Finance Minister Lindsay Tanner last week announced plans to centralise the IT procurement framework aiming to improve efficiency and reduce wastage but his proposal is unlikely to result in actual savings, according to experts.
The main problem with the way government agencies have procured technology over the past decade, according to the Minister's office, is that they have had too much autonomy in the process.
In terms of IT purchasing, a spokesperson for the Minister told ZDNet.com.au that this has made it "difficult to achieve the level of interoperability required to support quality service delivery and has resulted in additional calls for taxpayers' funds, which could have been used for other purposes."
However, a more centralised approach to procurement will not automatically result in savings, according to Richard Harris, Gartner's government analyst.
"The real challenge is, particularly at the big agencies in the federal government, such as the ATO, Centrelink and Defence -- which have quite different types of IT needs -- is that it is not feasible to mash together and standardise everything they are using," said Harris.
On the other hand, Harris believes Tanner's call for more coordination between departments when procuring ICT products and services would help manage the demand for the skills across multiple projects.
"If you look at big federal government projects at DIAC (the Department of Immigration and Citizenship) and the ATO, they're all competing for skilled resources to implement their projects," he said.
"Because the market is tight, prices are bid up, particularly for projects with similar timeframes. One thing that could be achieved through centralisation is the ability to smooth out the total demand for resources," he added.
Centrelink's IT refresh program was one such initiative put at risk by the inability to buy IT skills in a tight labour market. A 2007 report by the Australian National Audit Office (ANAO) of Centrelink's AU$400 million IT refresh program, found it was "almost certain" that Centrelink would not find adequate IT skills.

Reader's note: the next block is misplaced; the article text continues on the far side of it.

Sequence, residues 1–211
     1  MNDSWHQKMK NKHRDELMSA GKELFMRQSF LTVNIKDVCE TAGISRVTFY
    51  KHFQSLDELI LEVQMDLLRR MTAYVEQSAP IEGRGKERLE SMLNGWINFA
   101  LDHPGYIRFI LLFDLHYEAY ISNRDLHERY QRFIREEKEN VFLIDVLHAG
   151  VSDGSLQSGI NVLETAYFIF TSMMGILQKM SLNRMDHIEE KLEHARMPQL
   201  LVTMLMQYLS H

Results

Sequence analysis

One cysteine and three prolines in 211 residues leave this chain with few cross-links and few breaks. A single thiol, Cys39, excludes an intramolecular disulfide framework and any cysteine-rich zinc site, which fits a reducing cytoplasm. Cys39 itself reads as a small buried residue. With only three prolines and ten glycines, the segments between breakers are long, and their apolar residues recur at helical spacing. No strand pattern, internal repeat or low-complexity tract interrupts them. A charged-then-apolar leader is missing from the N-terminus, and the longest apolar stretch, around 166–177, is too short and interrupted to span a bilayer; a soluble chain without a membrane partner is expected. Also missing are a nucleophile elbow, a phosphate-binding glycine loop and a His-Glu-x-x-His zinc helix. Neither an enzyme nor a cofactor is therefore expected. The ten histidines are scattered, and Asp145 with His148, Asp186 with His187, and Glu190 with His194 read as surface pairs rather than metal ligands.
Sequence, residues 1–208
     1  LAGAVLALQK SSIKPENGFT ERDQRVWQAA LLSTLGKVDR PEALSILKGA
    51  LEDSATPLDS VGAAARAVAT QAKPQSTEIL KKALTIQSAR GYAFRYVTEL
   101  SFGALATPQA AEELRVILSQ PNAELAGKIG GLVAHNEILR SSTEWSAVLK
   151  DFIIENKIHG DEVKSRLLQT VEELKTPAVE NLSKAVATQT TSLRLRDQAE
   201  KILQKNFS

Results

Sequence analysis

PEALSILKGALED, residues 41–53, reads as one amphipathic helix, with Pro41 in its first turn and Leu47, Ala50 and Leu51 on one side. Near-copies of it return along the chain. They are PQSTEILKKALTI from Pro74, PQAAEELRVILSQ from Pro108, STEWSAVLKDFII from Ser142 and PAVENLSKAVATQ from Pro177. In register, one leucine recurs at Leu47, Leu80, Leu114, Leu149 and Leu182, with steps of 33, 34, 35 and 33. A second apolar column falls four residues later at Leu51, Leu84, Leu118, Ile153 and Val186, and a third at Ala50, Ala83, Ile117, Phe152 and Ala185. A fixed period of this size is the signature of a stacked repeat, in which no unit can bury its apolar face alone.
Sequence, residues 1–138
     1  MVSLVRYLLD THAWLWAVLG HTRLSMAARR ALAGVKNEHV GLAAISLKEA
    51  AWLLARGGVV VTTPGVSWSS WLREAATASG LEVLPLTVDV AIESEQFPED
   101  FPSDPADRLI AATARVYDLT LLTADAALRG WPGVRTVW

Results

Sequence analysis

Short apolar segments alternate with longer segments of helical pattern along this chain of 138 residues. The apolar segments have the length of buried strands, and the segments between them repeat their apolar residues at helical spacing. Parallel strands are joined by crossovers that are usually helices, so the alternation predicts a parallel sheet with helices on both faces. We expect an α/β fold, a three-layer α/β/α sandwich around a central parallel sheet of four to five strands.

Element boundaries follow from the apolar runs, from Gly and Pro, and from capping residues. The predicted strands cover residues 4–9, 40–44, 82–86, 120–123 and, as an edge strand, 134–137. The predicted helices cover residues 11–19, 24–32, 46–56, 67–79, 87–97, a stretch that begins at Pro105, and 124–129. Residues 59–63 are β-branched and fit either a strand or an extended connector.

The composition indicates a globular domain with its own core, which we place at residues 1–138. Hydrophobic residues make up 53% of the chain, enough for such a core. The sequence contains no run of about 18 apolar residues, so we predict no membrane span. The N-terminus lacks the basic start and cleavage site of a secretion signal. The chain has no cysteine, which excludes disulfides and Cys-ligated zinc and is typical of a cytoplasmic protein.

Between 2006 and 2008, DIAC has issued over 50 separate tenders for outsourced skilled IT staff to support its AU$495 million Systems for People program, which resulted in additional recruitment costs of AU$55 million.
Although the ATO's CIO Bill Gibson said delays to the ATO's Change Program were not affected by skills shortages in the same way that DIAC's had, the ATO has been forced to coordinate application development work between Wollongong, Adelaide, Brisbane and Canberra to do work that would, under better circumstances, be done in just one location.
"It's still been complicated and difficult and requires moving people and workloads around," Gibson told ZDNet.com.au.
However, whether the government plans to centralise procurement will achieve lower costs may be less important than each agency's ability to manage vendors, according to John Brand, managing director of analyst firm Hydrasight.
"Often, government departments leave it to vendors to work out how a project will be done themselves rather than taking an active role in managing vendors. Vendors need to be managed very aggressively," Brand told ZDNet.com.au.
"I think we have seen commercial vendors actually pushing government to develop, extend and change the scope of projects, and to increase "value-adds". There's been a tendency for private enterprise to dominate and direct government projects," he added.